The devastation from Australia’s bushfire crisis became clearer on Sunday, as the South Australian premier said 72 homes had been destroyed and his New South Wales counterpart revealed there was “not much left” of the town of Balmoral, south-west of Sydney.
It is feared the figures for homes lost may get much worse as authorities continue to assess the damage from Saturday, and with dozens of fires still active.
Conditions eased in NSW, Victoria and South Australia on Sunday, allowing fire-threatened areas some respite.
But the NSW Rural Fire Service commissioner, Shane Fitzsimmons, said an estimated 100 buildings could have been lost in Balmoral, where Gladys Berejiklian said there was “not much left”. “The toll is significant,” Fitzsimmons said.
The Green Wattle Creek fire tore through the town on Saturday for the second time in three days. Residents have not been allowed to return to see if their homes are still standing, with expert teams on the ground assessing whether it was safe to do so.
A man who was reported missing during the Grose Valley fire in the NSW Blue Mountains was found safe in an evacuation centre, but another elderly man from Bell near the town of Lithgow was missing as of Sunday afternoon. The area was engulfed in flames on Saturday.
By Sunday evening there were only two fires in NSW at watch and act level: Gospers Mountain and Grose Valley.
Fitzsimmons said the “relentless nature” of this fire season was taking a toll on firefighters. Despite the easing conditions, Fitzsimmons warned that didn’t mean the situation would improve considerably without substantial rainfall.
“We’ve got to keep in mind that we’re not expecting any rainfall to make any meaningful difference to these fires until January [or] February,” he said.
“That’s still a way to go. We’re still talking four to six weeks at best before we start to see a meaningful reprieve in the weather.”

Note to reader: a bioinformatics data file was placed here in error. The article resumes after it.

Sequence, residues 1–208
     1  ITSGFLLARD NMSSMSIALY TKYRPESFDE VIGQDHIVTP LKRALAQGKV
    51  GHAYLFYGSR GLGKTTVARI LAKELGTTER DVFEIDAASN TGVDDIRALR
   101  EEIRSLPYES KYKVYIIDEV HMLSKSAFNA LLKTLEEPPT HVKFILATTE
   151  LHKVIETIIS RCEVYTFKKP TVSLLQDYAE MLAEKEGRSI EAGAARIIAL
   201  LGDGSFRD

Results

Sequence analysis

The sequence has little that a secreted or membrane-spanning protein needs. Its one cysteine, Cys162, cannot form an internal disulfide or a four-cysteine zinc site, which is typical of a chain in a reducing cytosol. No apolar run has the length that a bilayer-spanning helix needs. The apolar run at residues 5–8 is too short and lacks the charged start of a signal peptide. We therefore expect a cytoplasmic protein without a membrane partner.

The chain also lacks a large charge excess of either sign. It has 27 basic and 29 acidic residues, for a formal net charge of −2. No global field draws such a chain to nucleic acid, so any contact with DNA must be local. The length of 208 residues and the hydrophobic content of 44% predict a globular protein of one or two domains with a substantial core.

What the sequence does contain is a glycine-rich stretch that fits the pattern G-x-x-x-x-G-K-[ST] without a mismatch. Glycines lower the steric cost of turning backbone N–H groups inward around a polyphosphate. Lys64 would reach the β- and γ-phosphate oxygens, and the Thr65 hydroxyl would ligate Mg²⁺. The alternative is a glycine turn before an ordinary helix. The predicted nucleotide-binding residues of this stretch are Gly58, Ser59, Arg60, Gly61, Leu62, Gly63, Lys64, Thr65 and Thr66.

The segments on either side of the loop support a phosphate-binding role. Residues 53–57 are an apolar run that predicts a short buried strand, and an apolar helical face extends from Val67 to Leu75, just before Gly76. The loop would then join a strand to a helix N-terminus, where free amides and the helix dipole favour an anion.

Conditions also eased in South Australia, but the premier, Steven Marshall, confirmed 72 homes had been destroyed in the Cudlee Creek fire in the Adelaide Hills, up from 15 reported on Saturday. A total of 404 outbuildings and 227 vehicles were destroyed in that fire.
The smoke from the Adelaide Hills reduced the city’s air quality rating to poor.
In Victoria, conditions for the fires in Victoria’s East Gippsland eased, with watch and act warnings in place for a fire in Tambo Crossing, Wattle Creek and Stirling, and another at Marthavale-Barmouth Spur.
Fires burning in the state since 21 November flared up on Saturday after the cool change brought with it dry lightning strikes.
Smoke from the NSW fires made its way up to Queensland, where another day of severe fire danger was forecast for Monday.
The prime minister, Scott Morrison, returned to Australia from his holiday in Hawaii on Saturday night.
Morrison spent Sunday touring the RFS headquarters in NSW, before visiting an evacuation centre in Picton and an emergency fire control centre in Wollondilly.
The prime minister met the widows of the two firefighters, Geoff Keaton and Andrew O’Dwyer, who died in a truck rollover last week.
At a press conference on Sunday morning, Morrison apologised to people who were upset for him going on holiday during the bushfire crisis.
He said the secrecy surrounding the trip was because it was family leave, and tried to draw a line under the criticism of his decision to take the trip.
“The time for that discussion is over. We need to focus on what is going out there today. Let me finish by saying this … it is time to be kind to each other. This is not a time for division, it is not a time for argument, it is not a time for partisanship, it is not a time for point scoring,” he said.
The prime minister acknowledging that climate change was having an impact on weather events, but indicated there would be no change to government policy, including Australia’s controversial policy of using carryover credits for meeting targets in the Paris agreement.
Morrison said a council of Australian governments meeting would be convened in March to discuss the response to the fires and how to plan more effectively.
The opposition leader, Anthony Albanese, praised emergency management minister David Littleproud for providing updates to him about the bushfires, but said he had not been able to secure a tour of the RFS headquarters Morrison visited in the morning, despite requests.